The pair both began their collegiate careers as freshman starters with the Red Leafs in 2019, but have trended in different directions. While Cummings has always garnered more accolades on the field, he also lacks Marchant’s prototypical six-foot-one, 200-pound frame with less special teams value and positional versatility.

Nevertheless, Cummings will be at the CFL Combine in Winnipeg later this month after transferring to UBC for a Canada West all-star season in 2023. Marchant will need to earn his own ticket to the event by way of the Invitational Combine in Waterloo on Friday, March 8.

“I understand it to a certain extent because if you’re playing U Sports, the scouts can just drive down the road and see them. I kind of knew that would come with the decision I made when I went down there,” Marchant acknowledged.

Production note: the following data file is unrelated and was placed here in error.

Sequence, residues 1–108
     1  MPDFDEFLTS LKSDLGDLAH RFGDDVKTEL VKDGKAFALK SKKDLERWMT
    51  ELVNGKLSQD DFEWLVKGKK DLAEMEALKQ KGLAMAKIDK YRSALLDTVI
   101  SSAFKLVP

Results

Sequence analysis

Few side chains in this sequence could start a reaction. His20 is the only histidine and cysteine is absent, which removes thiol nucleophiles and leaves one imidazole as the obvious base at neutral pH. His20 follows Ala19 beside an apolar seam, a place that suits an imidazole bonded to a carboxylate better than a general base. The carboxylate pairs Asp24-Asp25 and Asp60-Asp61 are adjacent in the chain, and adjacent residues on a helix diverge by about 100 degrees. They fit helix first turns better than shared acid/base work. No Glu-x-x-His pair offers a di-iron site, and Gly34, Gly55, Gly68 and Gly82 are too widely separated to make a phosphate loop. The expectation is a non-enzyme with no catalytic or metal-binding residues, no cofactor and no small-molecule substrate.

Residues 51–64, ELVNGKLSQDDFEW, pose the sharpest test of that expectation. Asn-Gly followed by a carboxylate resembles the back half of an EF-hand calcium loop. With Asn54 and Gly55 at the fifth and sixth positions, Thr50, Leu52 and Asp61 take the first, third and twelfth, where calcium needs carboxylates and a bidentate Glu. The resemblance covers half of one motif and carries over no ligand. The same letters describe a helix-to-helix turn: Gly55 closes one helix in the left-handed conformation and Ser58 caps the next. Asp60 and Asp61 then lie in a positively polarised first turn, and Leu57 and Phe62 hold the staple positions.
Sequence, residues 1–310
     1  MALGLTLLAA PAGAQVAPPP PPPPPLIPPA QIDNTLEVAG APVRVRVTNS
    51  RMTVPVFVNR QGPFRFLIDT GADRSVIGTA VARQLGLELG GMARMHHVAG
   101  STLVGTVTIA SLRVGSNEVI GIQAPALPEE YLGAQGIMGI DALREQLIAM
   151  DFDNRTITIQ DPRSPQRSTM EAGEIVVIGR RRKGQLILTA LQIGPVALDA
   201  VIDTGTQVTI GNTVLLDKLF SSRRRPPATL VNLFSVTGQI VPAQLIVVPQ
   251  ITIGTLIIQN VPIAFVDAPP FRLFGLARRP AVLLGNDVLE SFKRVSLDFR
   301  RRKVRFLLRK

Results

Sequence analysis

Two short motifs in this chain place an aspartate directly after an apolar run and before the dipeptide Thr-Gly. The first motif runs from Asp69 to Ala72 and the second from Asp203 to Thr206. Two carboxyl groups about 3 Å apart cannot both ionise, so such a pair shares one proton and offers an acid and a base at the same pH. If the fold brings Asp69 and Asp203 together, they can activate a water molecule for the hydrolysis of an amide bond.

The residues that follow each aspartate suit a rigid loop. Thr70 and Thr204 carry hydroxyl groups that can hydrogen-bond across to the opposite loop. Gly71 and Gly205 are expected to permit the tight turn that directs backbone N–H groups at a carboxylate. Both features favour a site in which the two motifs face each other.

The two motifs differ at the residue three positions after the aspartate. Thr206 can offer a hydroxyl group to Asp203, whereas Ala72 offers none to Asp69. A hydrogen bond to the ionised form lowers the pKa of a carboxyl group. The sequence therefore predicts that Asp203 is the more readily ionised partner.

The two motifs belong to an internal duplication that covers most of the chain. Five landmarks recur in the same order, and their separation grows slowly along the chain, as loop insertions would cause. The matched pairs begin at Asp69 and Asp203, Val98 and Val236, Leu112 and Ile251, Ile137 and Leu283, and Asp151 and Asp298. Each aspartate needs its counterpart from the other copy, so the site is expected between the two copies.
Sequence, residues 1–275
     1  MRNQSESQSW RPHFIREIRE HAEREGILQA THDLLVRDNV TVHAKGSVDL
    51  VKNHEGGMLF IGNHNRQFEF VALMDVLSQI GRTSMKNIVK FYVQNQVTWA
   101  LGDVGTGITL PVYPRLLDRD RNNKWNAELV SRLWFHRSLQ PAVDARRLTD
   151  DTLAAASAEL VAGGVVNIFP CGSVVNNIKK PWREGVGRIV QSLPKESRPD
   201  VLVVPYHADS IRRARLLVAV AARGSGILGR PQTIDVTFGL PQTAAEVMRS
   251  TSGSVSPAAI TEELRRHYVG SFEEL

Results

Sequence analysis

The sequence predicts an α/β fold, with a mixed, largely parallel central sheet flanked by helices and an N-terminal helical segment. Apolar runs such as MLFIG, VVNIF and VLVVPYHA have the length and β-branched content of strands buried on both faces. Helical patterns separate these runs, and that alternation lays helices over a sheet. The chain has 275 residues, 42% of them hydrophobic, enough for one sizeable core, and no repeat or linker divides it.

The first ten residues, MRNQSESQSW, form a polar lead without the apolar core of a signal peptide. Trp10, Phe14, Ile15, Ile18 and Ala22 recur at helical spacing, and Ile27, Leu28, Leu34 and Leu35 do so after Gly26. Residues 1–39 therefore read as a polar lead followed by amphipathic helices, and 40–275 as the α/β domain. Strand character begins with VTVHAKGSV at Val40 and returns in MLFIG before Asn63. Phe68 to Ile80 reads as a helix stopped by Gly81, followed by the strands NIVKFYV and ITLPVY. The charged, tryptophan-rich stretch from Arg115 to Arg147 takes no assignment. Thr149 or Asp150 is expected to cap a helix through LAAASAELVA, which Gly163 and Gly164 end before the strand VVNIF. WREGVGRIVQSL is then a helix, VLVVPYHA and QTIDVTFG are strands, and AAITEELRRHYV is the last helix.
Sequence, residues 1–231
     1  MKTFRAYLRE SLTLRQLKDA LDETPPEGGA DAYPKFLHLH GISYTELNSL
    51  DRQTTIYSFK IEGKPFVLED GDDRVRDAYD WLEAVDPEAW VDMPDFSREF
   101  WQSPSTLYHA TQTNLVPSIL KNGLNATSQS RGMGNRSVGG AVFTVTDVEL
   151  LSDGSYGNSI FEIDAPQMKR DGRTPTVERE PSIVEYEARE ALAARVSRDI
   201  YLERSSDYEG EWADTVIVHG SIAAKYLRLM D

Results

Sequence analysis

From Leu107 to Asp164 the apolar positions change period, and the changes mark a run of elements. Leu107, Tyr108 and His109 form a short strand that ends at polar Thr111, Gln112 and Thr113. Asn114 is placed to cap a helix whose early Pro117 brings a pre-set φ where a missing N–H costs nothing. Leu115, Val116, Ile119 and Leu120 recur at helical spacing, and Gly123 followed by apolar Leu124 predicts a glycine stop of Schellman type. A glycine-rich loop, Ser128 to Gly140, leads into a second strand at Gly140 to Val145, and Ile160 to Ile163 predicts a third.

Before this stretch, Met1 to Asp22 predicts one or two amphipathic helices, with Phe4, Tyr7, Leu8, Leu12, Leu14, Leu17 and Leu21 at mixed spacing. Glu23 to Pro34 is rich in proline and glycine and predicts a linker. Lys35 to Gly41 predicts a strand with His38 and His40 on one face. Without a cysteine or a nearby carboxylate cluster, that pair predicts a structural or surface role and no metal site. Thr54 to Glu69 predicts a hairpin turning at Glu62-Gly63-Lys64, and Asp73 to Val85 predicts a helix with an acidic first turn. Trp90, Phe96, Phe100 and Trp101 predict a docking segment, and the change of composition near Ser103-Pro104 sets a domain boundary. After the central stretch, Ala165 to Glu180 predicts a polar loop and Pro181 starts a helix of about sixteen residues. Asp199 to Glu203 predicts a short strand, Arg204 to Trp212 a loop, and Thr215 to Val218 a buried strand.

Despite the added hurdle in front of him, he still believes his circuitous path was the correct one to get him to the pros. His time at Northwestern Oklahoma State was critical for his development as a player and a man, with obvious growth happening in an off-man-heavy, route-matching system Marchant believes will give him a leg up at the next level.

With that experience under his belt and pro measurables, he’s willing to stack himself up against any defensive back in this class.

“I know not a lot of DBs are blessed to wake up and be six-foot-one, 200, run like me, jump like me. The physicality comes with the size,” Marchant grinned.

“As far as recognition and not getting as much glitz and glamour, I know what I can do. I know what type of player I am and when the time comes at the Combine, I know it will come to light.”

The 2024 CFL Draft is scheduled for April 30 at 8:00 p.m. ET.

J.C. Abbott is a University of British Columbia graduate and high school football coach. He covers the CFL, B.C. Lions, CFL Draft and the three-down league's Global initiative.